El Salvador: The Cervical Cancer Prevention Program (CAPE)
Cervical cancer is the third most common cancer among women and the fourth leading cause of cancer-related deaths in women worldwide. Globally, it is estimated that more than 500,000 cases and 250,000 deaths occur annually due to cervical cancer and greater than 85% of these cases occur in developing countries. Cervical cancer is also the leading cause of cancer death amongst women in El Salvador.
In October 2012, BHI received a donation from the pharmaceutical company Qiagen of several thousand low cost HPV DNA tests (careHPV). With this gift, BHI launched a pilot program with the Salvadoran MOH entitled Cervical cAncer Prevention program in El Salvador (CAPE). Each phase of the program turns more control over to the MOH, and it is anticipated that by 2019 the program will be run entirely by the MOH.
Phase 1 of the project, completed in May 2013, resulted in the screening of over 2,000 women who previously had limited access to cervical cancer screening and treatment. The study found that targeted outreach to under-screened women successfully identified women with possibly higher HPV risk and disease burden. Phase 2 of the project was recently completed this past year, enabling 8,035 women, age 30-49, to access cervical cancer screening methods and technology. Again, the results showed that utilization of targeted recruitment methods and outreach, with the help of local Health Promoters, increases the number of women reached. In addition, women referred for colposcopy, as opposed to direct screen and treat methods, were less likely to return for follow up.
Nested within the CAPE study, BHI has also invested time and effort in research that focuses on finding innovative and novel solutions to problems regarding access, acceptance of cervical cancer screening methods, and treatment modalities and technology. In line with its mission to eradicate cervical cancer, BHI has engaged in multiple projects involving self-sampling, addressing the problem of reaching women who are either uncomfortable with provider sampling or unable to travel to a nearby clinic for screening, cryotherapy and the development of innovative, portable, and sustainably affordable modalities of therapy using this technology, as well as cost-effective and program implementation research. BHI is dedicated to its goal of providing women access, not only to cervical cancer screening programs and treatment modalities, but also to the latest in available medical technology and highest standard of available care.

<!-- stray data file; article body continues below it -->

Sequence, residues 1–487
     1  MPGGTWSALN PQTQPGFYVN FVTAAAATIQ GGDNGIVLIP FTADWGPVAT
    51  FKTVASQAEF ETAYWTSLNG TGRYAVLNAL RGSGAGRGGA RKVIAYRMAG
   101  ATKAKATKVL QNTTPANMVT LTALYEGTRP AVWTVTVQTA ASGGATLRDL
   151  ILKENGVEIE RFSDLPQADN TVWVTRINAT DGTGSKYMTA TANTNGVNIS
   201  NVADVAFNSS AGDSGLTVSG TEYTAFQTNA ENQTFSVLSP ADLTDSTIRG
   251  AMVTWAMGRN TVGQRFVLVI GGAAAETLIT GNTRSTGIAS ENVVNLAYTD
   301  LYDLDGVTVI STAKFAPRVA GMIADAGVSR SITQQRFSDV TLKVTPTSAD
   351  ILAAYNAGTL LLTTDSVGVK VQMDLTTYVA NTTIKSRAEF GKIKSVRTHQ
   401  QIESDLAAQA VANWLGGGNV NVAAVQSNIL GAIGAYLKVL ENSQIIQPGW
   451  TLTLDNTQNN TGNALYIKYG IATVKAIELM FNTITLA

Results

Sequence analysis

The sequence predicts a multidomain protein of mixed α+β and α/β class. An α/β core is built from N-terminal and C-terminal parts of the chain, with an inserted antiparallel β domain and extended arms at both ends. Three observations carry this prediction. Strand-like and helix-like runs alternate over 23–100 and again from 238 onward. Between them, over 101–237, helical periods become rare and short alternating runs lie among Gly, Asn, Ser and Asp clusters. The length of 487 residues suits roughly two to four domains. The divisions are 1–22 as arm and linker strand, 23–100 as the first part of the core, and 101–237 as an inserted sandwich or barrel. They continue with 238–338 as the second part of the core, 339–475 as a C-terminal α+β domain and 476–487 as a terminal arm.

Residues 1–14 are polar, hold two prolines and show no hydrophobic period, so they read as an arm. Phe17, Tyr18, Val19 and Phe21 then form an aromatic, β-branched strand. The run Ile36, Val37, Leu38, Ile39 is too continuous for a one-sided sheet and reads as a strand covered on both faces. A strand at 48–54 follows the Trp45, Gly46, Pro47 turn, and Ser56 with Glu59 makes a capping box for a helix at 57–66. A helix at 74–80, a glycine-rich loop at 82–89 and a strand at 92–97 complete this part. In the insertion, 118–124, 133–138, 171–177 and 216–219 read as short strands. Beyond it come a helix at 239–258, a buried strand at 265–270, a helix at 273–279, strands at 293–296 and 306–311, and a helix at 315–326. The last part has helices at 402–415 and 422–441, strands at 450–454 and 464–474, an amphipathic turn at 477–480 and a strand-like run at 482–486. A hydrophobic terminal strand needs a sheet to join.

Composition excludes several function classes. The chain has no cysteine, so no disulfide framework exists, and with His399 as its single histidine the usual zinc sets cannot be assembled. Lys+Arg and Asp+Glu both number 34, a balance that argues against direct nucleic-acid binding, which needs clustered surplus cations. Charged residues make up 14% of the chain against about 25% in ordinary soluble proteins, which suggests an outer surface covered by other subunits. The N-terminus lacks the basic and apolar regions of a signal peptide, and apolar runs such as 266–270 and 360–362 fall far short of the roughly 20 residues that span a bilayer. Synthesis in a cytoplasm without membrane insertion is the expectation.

By taking a multi-faceted approach to solving this global issue, BHI wants to create models that can be emulated by other countries and adapted for other low-resource settings. CAPE is now in its third and final phase, and by the end of 2015 a total of 30,000 women will have been screened, providing researchers with the knowledge of the most effective methods of integrating HPV testing into a fully realized national screening program. The CAPE project has set a precedent for combating cervical cancer in resource poor countries with innovative technology. This program will not only establish an infrastructure for a sustained system of cervical cancer prevention in El Salvador; it creates the framework for a viable model of replication in resource-poor countries worldwide. The results of this pilot project will be replicated and packaged to create cervical cancer programs in developing countries worldwide and to strengthen already existing programs in developed nations. Working with the highest level of rigor in the developing world, this prevention model will serve as a sustainable template for countries across the globe, eventually resulting in the complete eradication of cervical cancer on a global scale.